DRC speaker’s bureau question

I had a very interesting question posed to me today.  If anyone is curious here are my thoughts…

Q: What would you like faculty and staff to know about receiving accommodations or about students with disabilities?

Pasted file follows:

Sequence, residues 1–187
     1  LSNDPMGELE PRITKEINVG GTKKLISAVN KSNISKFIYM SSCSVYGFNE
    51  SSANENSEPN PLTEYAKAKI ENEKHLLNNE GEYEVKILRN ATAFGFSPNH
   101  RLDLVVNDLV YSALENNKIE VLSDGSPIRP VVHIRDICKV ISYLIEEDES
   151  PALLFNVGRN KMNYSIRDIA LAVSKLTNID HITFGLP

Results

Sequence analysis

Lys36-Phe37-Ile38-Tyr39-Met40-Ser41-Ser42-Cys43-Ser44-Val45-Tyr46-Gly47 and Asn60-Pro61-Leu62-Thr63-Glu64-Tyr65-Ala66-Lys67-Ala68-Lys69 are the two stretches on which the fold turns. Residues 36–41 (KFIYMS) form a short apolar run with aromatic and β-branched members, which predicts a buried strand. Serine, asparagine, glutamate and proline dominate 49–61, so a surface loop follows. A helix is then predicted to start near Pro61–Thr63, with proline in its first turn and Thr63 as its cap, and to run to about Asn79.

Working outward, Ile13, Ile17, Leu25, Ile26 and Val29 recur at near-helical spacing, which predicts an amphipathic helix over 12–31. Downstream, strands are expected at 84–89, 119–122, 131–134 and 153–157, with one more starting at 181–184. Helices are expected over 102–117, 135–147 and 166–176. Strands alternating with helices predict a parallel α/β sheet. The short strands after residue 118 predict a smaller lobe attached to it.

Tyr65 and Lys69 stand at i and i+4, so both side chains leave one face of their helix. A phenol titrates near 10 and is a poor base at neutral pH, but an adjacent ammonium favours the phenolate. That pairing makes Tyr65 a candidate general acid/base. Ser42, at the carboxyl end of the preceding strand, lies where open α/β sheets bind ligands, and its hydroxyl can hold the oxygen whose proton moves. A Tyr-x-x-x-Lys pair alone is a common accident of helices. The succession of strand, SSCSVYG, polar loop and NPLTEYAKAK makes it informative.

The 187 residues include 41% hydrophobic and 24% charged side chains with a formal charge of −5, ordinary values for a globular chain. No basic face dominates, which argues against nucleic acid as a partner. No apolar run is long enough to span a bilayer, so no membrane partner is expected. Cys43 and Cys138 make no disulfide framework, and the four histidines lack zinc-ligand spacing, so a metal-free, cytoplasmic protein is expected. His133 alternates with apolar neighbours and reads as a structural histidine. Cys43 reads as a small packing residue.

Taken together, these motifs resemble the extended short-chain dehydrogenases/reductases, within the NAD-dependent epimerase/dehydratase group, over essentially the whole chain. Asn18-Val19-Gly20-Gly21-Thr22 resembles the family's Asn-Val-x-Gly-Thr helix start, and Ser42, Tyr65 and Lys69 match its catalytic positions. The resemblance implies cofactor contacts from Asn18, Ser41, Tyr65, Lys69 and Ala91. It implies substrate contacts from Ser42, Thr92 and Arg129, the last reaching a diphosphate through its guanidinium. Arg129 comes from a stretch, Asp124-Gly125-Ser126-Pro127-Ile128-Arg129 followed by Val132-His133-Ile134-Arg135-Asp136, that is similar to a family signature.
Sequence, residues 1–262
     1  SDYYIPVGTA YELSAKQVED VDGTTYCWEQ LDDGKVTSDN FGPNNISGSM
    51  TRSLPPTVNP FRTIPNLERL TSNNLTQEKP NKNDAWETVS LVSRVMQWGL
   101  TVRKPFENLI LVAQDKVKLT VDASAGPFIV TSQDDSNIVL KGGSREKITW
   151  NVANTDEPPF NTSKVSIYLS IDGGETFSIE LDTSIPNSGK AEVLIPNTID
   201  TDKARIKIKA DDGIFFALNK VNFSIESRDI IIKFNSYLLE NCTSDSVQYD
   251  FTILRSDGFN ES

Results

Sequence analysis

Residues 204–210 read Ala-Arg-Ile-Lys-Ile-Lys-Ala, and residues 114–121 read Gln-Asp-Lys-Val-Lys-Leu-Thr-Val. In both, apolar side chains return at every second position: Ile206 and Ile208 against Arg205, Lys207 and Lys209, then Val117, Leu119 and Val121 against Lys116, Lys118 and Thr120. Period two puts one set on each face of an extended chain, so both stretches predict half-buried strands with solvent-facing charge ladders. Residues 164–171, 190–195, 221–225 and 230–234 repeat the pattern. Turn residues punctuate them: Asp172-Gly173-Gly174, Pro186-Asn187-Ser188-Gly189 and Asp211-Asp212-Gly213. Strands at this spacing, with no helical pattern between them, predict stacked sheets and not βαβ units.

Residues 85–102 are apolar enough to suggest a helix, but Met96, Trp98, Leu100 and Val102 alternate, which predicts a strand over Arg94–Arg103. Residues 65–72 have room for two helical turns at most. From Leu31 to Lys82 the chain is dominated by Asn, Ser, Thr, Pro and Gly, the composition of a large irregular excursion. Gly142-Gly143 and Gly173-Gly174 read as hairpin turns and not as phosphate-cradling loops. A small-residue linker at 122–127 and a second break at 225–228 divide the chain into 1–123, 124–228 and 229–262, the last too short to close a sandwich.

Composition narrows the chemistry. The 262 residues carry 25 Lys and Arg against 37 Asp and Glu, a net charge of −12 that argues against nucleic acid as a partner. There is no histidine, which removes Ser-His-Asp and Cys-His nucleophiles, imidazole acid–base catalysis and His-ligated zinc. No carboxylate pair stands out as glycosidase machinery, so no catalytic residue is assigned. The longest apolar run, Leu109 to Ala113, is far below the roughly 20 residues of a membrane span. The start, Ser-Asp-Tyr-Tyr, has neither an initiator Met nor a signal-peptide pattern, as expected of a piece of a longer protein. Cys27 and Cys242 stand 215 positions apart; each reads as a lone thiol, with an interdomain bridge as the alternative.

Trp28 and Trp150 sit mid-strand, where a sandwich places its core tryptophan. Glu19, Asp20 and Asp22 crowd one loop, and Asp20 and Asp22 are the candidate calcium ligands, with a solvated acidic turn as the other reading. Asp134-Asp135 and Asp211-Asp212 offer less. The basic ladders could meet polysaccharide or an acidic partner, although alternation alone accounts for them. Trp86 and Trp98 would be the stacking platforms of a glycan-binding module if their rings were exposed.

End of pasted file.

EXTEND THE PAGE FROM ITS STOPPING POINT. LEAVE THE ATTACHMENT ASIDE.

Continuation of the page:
A: I am visually impaired and This may sound a bit obvious, but I have received this reaction from some faculty while I was here at UGA.  A student receiving accommodations is asking for these accommodations so s/he can do the same work as the rest of their peers.  Since I was born with a visual impairment, I never consider myself disabled, I just consider myself as someone doing the same work in a different way.  I had someone coin this as “alternate ability”, which I think works for me because if I have trouble accessing something (i.e. print disability), I usually just find another way around it (i.e. magnifiers, screenreader, etc.).  My “ can do” attitude does not fit this model for the stereotype and stigmas that are associated with individuals who happen to be disabled.   Whether it be extended time, alternative text, etc., the accommodations are designed to “level the playing field” for the student, allowing them to participate in or out of the classroom and be just as successful as their non-disabled peers.  For example, I have noticed that there are instances where people do not believe I am disabled because I “function” very well for someone with poor vision.  I’ve had faculty mentions to be that my vision is “much better than they thought” or they don’t “see anything wrong with me”, it is offensive and ignorant for several reasons.  First, not everyone with a disability is the same.  Vision, like many other disabilities, are a spectrum and no two people are alike. Furthermore, as I said above, students with disabilities are capable of doing the same work as their non-disabled peers.  And most importantly, it is not one’s place to determine the nature of a student’s disability.  The only person that should be able to diagnose and suggest accommodations based the nature of a student’s disability is a physician.  Disclosure is also a huge issue.  If a student discloses their disability to faculty or staff, this does not give faculty/staff the right to disclose to others.  That is the students right and it violates confidentiality.  It is not only a violation of confidentiality, but it can also make the disabled student feel extremely uncofmrortble.  If you have to talk to the student regarding disability-related matters, it should be done with the student privately.

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